When President Bush announced the nomination of Clarence Thomas to the United States Supreme Court, he said that Clarence Thomas was a person who had empathy. Since then, the term “empathy” in the context of judicial nominees has come under a lot of attack. But, why? Properly understood and applied, isn’t the value of empathy something all good judges should have?
The Huffington Post has an interesting article about empathy. It begins:
“When public policies go into effect, they don’t always seem rooted in empathy and compassion. That’s one reason an educator at the University of San Francisco is making the humanities central to a class she teaches to future public administrators.
According to Kimberly Connor, the director of Interdisciplinary Studies at the university’s Department of Public and Nonprofit Administration, the best way to instill empathy in developing leaders is to not give them a one-size-fits-all blueprint, but rather share a variety of world perspectives and let them resonate naturally. Harnessing the power of the humanities, she includes only one general ethics text in her Leadership Ethics course syllabus, and surrounds it with a variety of classic literature, poetry, comedic videos and even slave narratives. This might seem like an unusual approach to teaching young professionals how to become more empathetic managers, but she says that she is simply teaching what she knows best.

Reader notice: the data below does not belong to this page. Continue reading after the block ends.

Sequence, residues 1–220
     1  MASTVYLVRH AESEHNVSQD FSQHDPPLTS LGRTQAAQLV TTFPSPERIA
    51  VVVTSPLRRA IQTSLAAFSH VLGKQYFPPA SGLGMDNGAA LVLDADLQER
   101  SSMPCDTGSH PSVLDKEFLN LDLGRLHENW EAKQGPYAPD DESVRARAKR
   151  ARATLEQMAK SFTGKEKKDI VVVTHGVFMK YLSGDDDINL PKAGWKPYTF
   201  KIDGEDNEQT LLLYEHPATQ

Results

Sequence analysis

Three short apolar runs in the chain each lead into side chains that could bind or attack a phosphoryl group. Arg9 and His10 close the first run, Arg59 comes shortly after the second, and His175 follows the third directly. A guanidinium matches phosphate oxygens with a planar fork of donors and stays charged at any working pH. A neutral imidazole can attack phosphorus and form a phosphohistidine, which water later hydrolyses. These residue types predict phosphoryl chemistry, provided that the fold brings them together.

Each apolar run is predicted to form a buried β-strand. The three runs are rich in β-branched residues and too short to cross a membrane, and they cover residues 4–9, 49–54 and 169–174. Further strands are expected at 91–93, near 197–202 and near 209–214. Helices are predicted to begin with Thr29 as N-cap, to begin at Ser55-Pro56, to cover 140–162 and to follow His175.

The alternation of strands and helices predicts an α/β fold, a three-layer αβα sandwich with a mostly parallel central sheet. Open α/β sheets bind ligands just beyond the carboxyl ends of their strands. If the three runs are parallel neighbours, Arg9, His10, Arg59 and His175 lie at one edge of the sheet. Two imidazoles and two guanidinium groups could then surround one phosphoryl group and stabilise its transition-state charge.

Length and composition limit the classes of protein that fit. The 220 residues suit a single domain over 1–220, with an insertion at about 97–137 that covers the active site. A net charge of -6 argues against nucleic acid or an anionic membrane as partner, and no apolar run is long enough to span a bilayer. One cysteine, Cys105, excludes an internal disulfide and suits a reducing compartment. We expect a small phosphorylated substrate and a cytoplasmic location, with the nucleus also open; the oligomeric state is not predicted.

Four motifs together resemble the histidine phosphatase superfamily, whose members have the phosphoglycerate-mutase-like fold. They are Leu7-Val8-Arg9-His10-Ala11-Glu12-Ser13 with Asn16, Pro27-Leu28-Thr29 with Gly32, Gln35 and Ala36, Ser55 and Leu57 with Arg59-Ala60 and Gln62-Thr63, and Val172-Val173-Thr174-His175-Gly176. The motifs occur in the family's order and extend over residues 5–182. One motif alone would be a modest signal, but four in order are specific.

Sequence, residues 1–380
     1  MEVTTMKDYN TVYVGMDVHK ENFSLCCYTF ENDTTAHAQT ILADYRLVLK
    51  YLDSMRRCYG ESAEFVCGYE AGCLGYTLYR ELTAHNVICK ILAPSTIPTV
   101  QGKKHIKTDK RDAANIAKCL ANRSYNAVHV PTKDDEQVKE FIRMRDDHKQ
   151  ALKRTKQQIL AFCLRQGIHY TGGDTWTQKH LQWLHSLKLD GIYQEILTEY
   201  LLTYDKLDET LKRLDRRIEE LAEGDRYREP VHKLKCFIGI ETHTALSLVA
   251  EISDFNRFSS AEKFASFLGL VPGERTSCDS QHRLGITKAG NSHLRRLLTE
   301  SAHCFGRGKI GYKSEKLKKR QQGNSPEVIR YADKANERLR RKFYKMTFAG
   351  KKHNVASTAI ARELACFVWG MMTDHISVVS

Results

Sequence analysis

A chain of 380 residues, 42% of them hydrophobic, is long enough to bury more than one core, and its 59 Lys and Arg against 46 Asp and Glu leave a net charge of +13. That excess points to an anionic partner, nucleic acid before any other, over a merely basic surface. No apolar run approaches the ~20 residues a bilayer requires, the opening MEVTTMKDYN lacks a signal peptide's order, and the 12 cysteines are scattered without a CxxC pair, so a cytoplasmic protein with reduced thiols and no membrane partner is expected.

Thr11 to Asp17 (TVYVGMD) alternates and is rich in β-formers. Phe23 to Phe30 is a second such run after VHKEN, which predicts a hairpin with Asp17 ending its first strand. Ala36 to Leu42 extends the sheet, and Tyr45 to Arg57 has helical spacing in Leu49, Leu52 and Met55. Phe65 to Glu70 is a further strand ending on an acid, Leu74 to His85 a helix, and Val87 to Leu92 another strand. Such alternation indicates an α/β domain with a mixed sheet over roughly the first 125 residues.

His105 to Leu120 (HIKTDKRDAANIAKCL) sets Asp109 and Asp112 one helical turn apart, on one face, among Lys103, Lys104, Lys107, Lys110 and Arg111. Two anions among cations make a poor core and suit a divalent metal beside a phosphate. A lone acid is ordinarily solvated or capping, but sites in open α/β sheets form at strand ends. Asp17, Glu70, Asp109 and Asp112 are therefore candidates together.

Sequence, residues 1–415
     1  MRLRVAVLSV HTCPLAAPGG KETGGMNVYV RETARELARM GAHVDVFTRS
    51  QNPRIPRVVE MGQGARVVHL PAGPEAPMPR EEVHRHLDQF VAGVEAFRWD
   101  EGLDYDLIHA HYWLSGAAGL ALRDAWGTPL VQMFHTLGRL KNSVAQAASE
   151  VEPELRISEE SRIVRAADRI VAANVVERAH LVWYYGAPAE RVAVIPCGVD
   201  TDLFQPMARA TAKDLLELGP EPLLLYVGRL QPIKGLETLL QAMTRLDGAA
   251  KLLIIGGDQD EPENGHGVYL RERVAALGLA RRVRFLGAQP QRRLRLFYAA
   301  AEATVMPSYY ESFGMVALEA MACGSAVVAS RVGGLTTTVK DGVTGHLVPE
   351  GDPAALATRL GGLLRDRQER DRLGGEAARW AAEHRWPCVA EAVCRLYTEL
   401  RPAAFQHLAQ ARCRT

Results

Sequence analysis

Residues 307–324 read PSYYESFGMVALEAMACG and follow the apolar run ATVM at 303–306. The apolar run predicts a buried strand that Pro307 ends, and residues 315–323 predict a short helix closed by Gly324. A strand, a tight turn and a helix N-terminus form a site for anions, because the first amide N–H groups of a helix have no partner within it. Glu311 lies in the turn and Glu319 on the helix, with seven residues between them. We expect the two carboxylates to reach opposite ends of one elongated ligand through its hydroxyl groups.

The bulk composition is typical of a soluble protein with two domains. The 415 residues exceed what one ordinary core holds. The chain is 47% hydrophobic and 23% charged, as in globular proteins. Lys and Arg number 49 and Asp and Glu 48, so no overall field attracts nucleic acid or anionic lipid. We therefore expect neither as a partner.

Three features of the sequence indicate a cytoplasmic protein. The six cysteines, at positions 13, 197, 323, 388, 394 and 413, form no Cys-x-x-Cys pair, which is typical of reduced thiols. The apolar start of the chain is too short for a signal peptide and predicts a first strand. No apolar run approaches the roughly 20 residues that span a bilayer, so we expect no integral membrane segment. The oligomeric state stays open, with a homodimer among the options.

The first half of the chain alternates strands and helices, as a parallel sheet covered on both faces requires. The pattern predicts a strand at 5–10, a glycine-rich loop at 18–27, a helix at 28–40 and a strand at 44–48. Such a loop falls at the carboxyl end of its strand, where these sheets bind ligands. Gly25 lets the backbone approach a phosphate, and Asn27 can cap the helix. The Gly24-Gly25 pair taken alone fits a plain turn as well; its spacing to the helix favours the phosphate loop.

“I’m trained in religious studies — not in management,” Connor told The Huffington Post. Originally hired to help working adult students make the transition to graduate school, she was asked to start teaching the course four years ago, and has found it an opportunity to apply her humanities background.
“Rather than fill up my class with stuff I wasn’t terribly familiar with, I used literary text to prompt my students’ thoughts around moral conduct and creative ways to work at problem solving,” she said. “I wanted them to learn how to tolerate ambiguity, to understand that in order to be moral agents in the world, we’re constantly having to self-interrogate and understand that things are not black and white. We live in a world of many contingencies, especially for people who are public administrators and obliged to so many people in different sectors. They serve the public, but that’s a very abstract obligation.”
One of the first texts explored in Connor’s class is Booker T. Washington’s Up From Slavery, a 19th century autobiographical slave narrative that explores how Washington, born a slave, adapted to the changing world around him, and then created opportunities for others to follow in his footsteps. Without fail, it inspires the students to think beyond themselves and consider the ways they can inspire cooperation, collaboration and social change within their communities”
For the full story, go here.